The woman I au-paired for in France many moons ago, Monique, wasn’t that interested in cooking but knew, in that French way, how to prepare food effortlessly. She rarely made a starter when friends came for dinner, just offered them an aperitif and put a selection of small plates on the table. There were rounds of saucisson, rillettes, radishes, olives, good bread and the contents of several tins of fish.
My mother would have been horrified, but I thought serving tinned fish was genius. Best of all were the sardines au piment, sardines canned with chillies. As well as chillies there were bay leaves, segments of lemon and cloves in the can so even the oil was worth dipping your bread into. This spread made the best pre-dinner picnic. Along with hard-boiled eggs, I still serve it when I can’t be bothered making anything else.
Monique loved another tinned fishy snack, which she used to eat mid-morning. It was ages before I knew what it was and I’m glad I didn’t find out sooner. It was canned cod liver. Cast aside all thoughts of cod liver oil. The liver itself is gently fishy, dissolves in your mouth and seems – because of its softness and subtlety – incredibly luxurious. When I left Monique and went to live in a cheap hotel in Paris (it was in the days when such things were possible), I more or less survived on a diet of tinned cod liver and spiced sardines. I’d buy them at the supermarket nearby and keep them in my room without the staff noticing.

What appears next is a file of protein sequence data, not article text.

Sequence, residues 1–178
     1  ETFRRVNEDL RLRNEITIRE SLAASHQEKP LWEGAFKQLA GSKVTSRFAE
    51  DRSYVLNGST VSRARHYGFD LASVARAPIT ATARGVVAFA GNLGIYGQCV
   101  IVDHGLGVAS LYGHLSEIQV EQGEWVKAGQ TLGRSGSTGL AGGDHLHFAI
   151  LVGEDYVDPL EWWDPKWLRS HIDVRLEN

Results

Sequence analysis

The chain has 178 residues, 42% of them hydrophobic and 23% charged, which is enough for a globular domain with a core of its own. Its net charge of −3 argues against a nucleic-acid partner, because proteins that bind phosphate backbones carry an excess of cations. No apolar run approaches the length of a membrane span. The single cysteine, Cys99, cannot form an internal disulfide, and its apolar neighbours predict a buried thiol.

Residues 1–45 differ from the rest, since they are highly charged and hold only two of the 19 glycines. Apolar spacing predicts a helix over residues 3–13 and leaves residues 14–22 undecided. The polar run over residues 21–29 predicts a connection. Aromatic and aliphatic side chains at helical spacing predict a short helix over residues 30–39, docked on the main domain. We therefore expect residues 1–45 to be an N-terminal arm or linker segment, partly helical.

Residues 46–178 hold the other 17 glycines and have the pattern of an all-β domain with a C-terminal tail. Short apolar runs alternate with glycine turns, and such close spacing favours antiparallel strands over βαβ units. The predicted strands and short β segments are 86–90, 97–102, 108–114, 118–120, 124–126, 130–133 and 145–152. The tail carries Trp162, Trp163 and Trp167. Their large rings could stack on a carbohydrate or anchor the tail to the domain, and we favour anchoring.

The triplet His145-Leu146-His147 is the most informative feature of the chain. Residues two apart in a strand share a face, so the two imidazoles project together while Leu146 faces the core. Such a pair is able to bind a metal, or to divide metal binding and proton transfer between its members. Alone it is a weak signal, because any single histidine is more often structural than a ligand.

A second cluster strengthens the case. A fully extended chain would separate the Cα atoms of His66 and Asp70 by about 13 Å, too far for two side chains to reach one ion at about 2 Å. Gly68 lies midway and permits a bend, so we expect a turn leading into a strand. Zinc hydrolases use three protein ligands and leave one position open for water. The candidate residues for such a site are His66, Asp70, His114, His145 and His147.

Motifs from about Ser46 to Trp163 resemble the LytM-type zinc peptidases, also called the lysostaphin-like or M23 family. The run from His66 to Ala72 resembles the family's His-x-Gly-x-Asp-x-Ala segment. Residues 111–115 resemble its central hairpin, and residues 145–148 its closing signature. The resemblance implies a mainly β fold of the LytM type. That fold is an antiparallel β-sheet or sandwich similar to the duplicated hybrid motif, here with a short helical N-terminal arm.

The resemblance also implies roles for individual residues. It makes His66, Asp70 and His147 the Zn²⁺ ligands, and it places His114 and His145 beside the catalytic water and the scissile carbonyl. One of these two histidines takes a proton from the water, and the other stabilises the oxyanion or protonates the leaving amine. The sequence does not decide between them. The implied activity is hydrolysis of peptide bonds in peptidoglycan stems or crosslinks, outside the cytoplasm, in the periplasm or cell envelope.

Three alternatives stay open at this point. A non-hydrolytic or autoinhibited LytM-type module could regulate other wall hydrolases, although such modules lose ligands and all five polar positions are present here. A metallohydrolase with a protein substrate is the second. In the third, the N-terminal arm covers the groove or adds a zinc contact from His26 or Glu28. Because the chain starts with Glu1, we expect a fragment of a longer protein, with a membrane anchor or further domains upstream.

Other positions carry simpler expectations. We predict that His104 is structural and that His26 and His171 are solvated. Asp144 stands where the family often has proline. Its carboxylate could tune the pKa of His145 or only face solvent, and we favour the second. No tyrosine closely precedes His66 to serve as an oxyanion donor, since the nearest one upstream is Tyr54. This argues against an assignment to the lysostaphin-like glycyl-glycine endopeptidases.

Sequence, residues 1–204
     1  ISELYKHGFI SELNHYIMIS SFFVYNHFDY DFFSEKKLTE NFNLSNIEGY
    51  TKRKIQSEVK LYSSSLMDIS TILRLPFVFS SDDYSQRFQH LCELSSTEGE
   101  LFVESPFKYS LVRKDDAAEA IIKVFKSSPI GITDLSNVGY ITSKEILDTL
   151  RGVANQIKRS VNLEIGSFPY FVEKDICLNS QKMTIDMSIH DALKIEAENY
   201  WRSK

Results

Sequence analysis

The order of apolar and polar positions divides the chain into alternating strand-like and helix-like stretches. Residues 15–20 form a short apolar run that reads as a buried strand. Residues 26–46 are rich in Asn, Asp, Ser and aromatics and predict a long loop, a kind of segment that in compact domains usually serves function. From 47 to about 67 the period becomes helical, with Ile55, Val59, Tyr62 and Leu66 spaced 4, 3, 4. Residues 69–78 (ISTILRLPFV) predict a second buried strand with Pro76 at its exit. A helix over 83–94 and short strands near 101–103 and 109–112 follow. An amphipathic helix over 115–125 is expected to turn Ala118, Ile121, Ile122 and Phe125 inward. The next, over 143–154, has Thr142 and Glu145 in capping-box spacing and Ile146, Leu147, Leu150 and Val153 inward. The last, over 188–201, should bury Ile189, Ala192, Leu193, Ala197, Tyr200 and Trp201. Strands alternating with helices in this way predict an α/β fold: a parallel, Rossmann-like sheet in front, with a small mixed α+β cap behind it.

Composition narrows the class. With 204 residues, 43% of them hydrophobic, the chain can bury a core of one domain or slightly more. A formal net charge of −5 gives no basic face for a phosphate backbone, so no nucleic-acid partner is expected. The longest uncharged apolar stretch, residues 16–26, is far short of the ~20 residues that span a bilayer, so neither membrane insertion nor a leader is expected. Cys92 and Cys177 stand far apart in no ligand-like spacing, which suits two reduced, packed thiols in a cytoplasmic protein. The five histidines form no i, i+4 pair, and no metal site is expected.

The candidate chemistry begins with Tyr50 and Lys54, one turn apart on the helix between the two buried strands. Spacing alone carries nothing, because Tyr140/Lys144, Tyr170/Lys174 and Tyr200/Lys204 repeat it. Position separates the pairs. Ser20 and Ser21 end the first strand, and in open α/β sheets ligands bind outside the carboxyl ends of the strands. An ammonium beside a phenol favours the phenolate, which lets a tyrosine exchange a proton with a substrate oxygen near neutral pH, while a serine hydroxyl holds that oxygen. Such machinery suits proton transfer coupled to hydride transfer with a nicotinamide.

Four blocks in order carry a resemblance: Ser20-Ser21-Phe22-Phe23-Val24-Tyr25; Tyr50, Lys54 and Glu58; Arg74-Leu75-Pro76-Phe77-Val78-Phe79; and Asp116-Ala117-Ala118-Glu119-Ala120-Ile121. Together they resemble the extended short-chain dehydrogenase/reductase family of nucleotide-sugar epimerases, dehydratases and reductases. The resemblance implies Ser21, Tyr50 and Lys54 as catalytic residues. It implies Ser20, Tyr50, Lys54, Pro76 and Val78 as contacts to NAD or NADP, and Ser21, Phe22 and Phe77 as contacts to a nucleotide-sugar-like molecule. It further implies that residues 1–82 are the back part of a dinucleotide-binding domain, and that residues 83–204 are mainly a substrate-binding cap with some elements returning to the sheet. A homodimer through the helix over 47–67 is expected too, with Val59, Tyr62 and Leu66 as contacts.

These days you can spend quite a lot of money on tinned fish. The Spanish and the Portuguese regard it highly; if you go to Lisbon you can’t come back without tins of conservas (they even have shops devoted to it) and when I’m in Paris I buy French sardines to bring home. Vintage sardines from Brittany are beauties and Spanish tuna canned by Ortiz is a luscious, fatty, fishy treat (especially the belly fillet, or ventresca).
I don’t regard canned fish as a cheap fallback, but a luxurious store-cupboard ingredient. I even have a wooden box of vintage canned Norwegian sardines. They’re hard to get (and if you do find them, they can cost about £35 a tin) but they’re much loved by aficionados. Ask a Norwegian canned-fish lover what his favourite sardine is, and he might say, ‘Oh, a 1953,’ and name the cannery he prefers. For some, they’re as special as wine.
As well as being good straight from the tin, canned fish make good meals, especially when combined with beans. The Italian salad of tuna with beans and red onions is a classic (my version below is gussied up, but not just for the sake of it – I like it better) and let me give you a bonus recipe that you’ll cook forever. Whizz two drained 400g tins of haricot beans with a sautéed onion, garlic, some stock and a few tablespoons of olive oil. Mash a tin of drained tuna into this. Season. Spread in a gratin dish and top with breadcrumbs, grated Gruyère and nuggets of butter. Bake for 20 minutes in an oven preheated to 190C/180C fan/gas mark 5. Scatter with parsley. That’s Breton tuna. It’s no looker but it’s bloody delicious.
Canned salmon is the poor cousin of Mediterranean canned fish. It’s not that it’s cheap but that its uses are limited (it certainly can’t be tipped on to a plate to serve as a starter). I use it for fishcakes – I prefer it to fresh salmon in cakes – and during lockdown, when stocks were low, I made the leek and potato ‘pie’ with it. It was quicker than doing fish cakes – none of the mashing and frying – and my sons loved it. Tinned fish rules. And not just in hard times. Think of Monique.